So far, Regenxbio’s biggest success has been powering AveXis’ (now Novartis) gene therapy, Zolgensma to cure spinal muscular atrophy (SMA). AveXis was one of the earlier companies Regenxbio engaged with. The logic to go after SMA first rather than say Parkinson’s or something was that SMA’s mechanism was well understood and could be solved well through protein expression. SMA is a neuromuscular disorder that is caused by a mutation in the SMN1 gene (important for the survival of motor neurons). This leads to lower levels of SMN protein. An AAV that delivers an SMN1 transgene with high levels of expression could cure the disease. The team at AveXis did incredible work to bring the therapy through the clinic and approval in 2019. With about 20K people in the US with the disorder, they now have hope with a curative therapy. Pricing the medicine at a little over $2M per patient, the market size for gene therapies in SMA alone is well over $40B. Being one of the first gene therapies approved, AveXis and Novartis had to do a lot of the heavy lifting to figure out new pricing models for curative therapies. The field will benefit from this work as more therapies come through the clinic that can actually cure disease. Working with payors, Novartis essentially came to an agreement where if it doesn’t work, you get your money back.
The initial model the founders of Regenxbio pursued was licensing. After executing a few deals and waiting a few years for others to take clinical risk, the company added an internal pipeline. The key risk they took was focusing on AAVs and gene therapies so early on. That first mover advantage gave the company a buffer to make some mistakes along the way and figure out who to work with and at what terms. Being early on with a new modality helped Regenxbio set licensing terms at really attractive rates. Having a monopoly over AAVs at least for a few years helped the company get great royalty rates. Rarely are there monopolies in life sciences, but the market that the founders pursued was amenable for Regenxbio to set the standard for gene therapies.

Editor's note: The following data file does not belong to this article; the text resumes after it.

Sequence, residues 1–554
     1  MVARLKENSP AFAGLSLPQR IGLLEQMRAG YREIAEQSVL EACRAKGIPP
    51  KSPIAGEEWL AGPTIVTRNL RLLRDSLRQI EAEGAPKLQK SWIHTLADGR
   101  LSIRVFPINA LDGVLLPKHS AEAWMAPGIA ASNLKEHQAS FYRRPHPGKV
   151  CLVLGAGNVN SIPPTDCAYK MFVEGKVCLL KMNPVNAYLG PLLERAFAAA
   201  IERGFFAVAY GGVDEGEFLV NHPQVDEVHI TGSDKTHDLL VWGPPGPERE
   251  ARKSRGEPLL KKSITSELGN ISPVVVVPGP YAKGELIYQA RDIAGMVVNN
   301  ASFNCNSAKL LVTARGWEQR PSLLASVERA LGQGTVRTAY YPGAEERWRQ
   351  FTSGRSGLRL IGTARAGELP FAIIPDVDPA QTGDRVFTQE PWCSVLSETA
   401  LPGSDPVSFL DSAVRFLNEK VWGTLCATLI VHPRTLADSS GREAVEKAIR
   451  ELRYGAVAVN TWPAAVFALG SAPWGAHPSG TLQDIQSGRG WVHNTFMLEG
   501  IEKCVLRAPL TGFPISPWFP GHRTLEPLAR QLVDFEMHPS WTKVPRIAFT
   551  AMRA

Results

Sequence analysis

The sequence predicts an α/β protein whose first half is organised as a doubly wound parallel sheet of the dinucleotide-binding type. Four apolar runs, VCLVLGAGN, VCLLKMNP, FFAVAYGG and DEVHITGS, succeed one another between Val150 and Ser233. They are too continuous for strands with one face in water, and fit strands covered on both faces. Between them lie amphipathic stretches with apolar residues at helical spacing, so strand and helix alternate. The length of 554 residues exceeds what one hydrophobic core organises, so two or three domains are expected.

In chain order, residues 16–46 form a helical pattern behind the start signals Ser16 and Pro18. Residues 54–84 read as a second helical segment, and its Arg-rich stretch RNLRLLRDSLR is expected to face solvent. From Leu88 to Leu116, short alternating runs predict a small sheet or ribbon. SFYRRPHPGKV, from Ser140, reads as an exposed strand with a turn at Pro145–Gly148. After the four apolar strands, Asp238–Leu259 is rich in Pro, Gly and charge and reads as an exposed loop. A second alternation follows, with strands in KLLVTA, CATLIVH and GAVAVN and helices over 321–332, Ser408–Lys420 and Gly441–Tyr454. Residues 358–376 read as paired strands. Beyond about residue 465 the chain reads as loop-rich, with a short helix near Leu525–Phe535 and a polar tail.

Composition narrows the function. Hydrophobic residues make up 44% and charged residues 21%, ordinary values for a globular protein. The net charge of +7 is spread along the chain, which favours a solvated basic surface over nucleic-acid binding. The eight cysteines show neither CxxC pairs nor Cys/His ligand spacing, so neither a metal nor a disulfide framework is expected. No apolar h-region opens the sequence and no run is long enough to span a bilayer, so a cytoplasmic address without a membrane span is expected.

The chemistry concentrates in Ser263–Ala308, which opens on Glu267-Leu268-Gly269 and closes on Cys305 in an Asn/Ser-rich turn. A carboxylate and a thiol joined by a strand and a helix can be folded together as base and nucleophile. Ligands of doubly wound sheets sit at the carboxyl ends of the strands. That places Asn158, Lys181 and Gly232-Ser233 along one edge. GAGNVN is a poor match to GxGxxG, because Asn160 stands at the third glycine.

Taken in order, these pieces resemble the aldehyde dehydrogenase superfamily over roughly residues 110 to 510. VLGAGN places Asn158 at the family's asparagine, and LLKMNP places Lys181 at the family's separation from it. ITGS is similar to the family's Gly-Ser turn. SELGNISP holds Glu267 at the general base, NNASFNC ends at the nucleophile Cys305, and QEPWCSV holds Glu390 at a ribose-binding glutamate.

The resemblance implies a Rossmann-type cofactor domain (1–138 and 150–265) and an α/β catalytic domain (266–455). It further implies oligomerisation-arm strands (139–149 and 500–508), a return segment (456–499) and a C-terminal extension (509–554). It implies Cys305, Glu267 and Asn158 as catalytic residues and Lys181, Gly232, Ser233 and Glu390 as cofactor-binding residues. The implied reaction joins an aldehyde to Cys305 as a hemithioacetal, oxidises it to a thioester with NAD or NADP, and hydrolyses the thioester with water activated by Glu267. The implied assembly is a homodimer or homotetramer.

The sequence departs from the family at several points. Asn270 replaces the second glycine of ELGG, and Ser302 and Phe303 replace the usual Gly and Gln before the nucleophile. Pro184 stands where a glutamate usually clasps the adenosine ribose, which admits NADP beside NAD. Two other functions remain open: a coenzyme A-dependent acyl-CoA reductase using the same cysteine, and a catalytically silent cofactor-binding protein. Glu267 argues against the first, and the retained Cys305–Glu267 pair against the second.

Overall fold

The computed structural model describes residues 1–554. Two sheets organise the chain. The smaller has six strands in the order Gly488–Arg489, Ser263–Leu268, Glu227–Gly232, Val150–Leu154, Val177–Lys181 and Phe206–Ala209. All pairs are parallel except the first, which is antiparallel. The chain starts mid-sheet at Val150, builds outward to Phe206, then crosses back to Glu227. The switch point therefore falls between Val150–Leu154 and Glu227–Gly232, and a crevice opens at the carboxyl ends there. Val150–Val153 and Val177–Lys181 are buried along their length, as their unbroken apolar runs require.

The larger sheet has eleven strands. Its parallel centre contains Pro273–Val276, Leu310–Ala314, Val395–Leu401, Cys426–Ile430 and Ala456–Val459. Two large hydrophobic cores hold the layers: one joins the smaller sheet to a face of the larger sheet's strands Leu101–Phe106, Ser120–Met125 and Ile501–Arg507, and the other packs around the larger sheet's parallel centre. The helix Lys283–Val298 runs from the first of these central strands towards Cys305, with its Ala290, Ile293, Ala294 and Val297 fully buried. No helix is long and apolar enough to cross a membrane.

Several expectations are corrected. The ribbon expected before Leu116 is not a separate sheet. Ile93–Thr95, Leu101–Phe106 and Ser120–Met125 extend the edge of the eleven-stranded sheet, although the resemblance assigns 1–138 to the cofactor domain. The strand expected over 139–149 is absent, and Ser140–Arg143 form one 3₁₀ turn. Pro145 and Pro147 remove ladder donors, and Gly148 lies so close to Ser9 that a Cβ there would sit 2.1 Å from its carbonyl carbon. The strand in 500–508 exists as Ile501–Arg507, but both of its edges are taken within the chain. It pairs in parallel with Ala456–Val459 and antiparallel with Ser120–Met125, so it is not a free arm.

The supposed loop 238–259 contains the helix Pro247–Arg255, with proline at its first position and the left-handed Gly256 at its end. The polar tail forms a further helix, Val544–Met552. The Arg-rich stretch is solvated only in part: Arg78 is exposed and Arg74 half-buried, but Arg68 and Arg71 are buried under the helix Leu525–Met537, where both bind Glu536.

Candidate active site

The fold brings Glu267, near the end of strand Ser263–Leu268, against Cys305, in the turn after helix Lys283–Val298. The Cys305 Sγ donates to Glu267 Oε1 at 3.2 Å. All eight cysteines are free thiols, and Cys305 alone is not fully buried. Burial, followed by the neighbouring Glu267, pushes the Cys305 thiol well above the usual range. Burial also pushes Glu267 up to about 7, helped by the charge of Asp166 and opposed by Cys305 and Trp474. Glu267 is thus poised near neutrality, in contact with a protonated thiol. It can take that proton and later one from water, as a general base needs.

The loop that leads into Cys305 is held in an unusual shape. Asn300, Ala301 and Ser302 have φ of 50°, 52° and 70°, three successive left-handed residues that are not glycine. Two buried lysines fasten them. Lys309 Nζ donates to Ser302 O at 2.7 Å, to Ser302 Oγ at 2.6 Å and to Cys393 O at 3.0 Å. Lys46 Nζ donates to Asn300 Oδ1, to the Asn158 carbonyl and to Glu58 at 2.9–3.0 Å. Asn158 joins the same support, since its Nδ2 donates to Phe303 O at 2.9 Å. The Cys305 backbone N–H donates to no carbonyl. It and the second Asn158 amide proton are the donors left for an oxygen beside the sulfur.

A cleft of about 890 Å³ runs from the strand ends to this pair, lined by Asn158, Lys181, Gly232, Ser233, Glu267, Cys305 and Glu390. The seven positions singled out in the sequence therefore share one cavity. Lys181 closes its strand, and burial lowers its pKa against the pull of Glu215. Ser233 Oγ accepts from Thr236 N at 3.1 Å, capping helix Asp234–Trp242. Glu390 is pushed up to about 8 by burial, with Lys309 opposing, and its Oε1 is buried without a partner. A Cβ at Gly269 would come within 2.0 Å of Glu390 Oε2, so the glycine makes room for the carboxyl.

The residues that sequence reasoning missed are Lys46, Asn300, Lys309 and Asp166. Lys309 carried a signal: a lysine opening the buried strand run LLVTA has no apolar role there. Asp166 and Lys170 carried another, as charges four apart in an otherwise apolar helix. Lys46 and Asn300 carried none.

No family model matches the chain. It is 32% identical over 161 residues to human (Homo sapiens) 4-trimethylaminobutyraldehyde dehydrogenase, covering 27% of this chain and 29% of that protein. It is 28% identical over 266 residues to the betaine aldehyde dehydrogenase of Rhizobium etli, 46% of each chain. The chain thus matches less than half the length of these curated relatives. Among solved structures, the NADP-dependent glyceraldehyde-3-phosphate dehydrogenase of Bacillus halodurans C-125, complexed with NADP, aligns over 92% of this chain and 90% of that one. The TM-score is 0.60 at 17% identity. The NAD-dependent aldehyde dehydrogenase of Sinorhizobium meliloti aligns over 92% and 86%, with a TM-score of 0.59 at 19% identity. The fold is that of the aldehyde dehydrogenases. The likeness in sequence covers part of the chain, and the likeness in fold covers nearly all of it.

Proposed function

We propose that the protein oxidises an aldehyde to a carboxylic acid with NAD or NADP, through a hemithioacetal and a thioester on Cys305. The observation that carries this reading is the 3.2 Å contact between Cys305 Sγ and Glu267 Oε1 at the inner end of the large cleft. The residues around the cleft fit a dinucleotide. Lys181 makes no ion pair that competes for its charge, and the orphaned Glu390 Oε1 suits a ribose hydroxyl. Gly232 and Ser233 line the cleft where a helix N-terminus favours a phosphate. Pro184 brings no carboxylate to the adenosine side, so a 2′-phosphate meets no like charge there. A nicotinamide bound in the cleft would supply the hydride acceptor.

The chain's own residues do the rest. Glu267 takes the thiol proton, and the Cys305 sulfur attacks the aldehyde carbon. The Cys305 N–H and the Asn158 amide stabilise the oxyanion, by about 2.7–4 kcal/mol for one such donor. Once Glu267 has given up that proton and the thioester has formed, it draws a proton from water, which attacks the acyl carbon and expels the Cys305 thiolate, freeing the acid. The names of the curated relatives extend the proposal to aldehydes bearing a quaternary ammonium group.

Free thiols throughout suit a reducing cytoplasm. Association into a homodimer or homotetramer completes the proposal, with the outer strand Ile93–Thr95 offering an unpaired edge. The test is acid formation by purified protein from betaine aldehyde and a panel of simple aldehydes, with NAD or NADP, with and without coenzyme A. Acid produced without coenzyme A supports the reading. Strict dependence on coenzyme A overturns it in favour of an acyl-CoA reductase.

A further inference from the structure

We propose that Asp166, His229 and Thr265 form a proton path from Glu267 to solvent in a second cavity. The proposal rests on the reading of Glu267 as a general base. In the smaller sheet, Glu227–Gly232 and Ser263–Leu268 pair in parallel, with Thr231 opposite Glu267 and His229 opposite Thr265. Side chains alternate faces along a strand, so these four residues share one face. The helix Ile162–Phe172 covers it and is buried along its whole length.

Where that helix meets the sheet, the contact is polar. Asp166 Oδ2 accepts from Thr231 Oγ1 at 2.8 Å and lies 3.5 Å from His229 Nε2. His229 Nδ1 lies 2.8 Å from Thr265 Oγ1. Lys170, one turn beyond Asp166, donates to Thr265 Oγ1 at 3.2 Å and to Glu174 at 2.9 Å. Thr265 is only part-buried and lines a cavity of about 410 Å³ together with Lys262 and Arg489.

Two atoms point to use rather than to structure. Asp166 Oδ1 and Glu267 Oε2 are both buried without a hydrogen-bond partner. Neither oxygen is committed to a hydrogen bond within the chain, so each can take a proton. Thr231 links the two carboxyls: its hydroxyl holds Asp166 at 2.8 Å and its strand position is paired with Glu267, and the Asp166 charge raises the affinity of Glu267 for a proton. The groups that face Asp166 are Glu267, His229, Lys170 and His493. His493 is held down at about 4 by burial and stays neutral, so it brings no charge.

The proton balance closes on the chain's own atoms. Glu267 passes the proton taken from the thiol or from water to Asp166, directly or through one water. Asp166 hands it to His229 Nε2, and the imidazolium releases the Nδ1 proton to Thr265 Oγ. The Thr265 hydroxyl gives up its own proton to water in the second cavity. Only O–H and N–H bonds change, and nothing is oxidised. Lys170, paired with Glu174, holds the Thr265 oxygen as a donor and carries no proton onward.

Starting off, the company owned a large amount of IP covering several naturally occurring AAVs. Around 2009, the two AAVs with the most attention were AAV1 and AAV2. Regenxbio pushed forward with AAV7/8/9 that had broader distribution profiles. That’s another key risk the founders took - focusing on different AAV serotypes. Zolgensma is an AAV9 therapy. Many of Regenxbio’s initial deals were focused on AAV7/8/9.
Beyond taking a stance on the technology, the second hard part of executing a licensing business is figuring out who to work with. Licensing out technology is exciting because there is an upfront payment, maybe some fees along the way, and an ambiguous royalty rate. The terminal value of any licensing deal is that royalty rate. Simply, a company like Regenxbio had to take risks with what companies to work with. Those companies are the ones that will do the hard work and make sure a therapy gets approval. Licensing out AAV9 for SMA to another company and not AveXis probably wouldn’t have worked out for Regenxbio.
The best licensing deal Regenxbio has been able to complete so far has been with AveXis. That deal alone makes Regenxbio very undervalued. In 2014, Regenxbio exclusively licensed an AAV9 vector for SMA to AveXis. These terms can be found in Regenxbio’s S-1 and other SEC filings. The best companies I’ve partnered with compiled all of the public data and terms for their modality:
An initial fee of $2M
An annual maintenance fee
Up to $12.25M in milestone fees
Mid-single to low-double digit royalties on net sales of products AveXis develops with the technology
Regenxbio executed deals like this across well more than 20 programs across AAV vectors 7-10 (images below). The company has no approved products themselves but will have $100Ms in sales. Over the next decade, Regenxbio will face more competition. They set the standard for gene therapies and placed their bets in various partners, but companies like Bluebird, BioMarin, and uniQure are knipping at Regenxbio’s heels. Nothing comes easy. Beyond that, Regenxbio’s AAVs face competition from other modalities. This is a key point for the future of medicine - clinicians will have a diverse arsenal of medicines from ASOs to gene therapies to mAbs to treat disease. Competition is getting fiercer in some spots. For Regenxbio, their internal wet AMD program has a high hurdle to jump over that’s called Eylea. Ultimately, Regenxbio set a standard for gene therapies and used their timing and skill to build a unique business.
Source: Zack Fink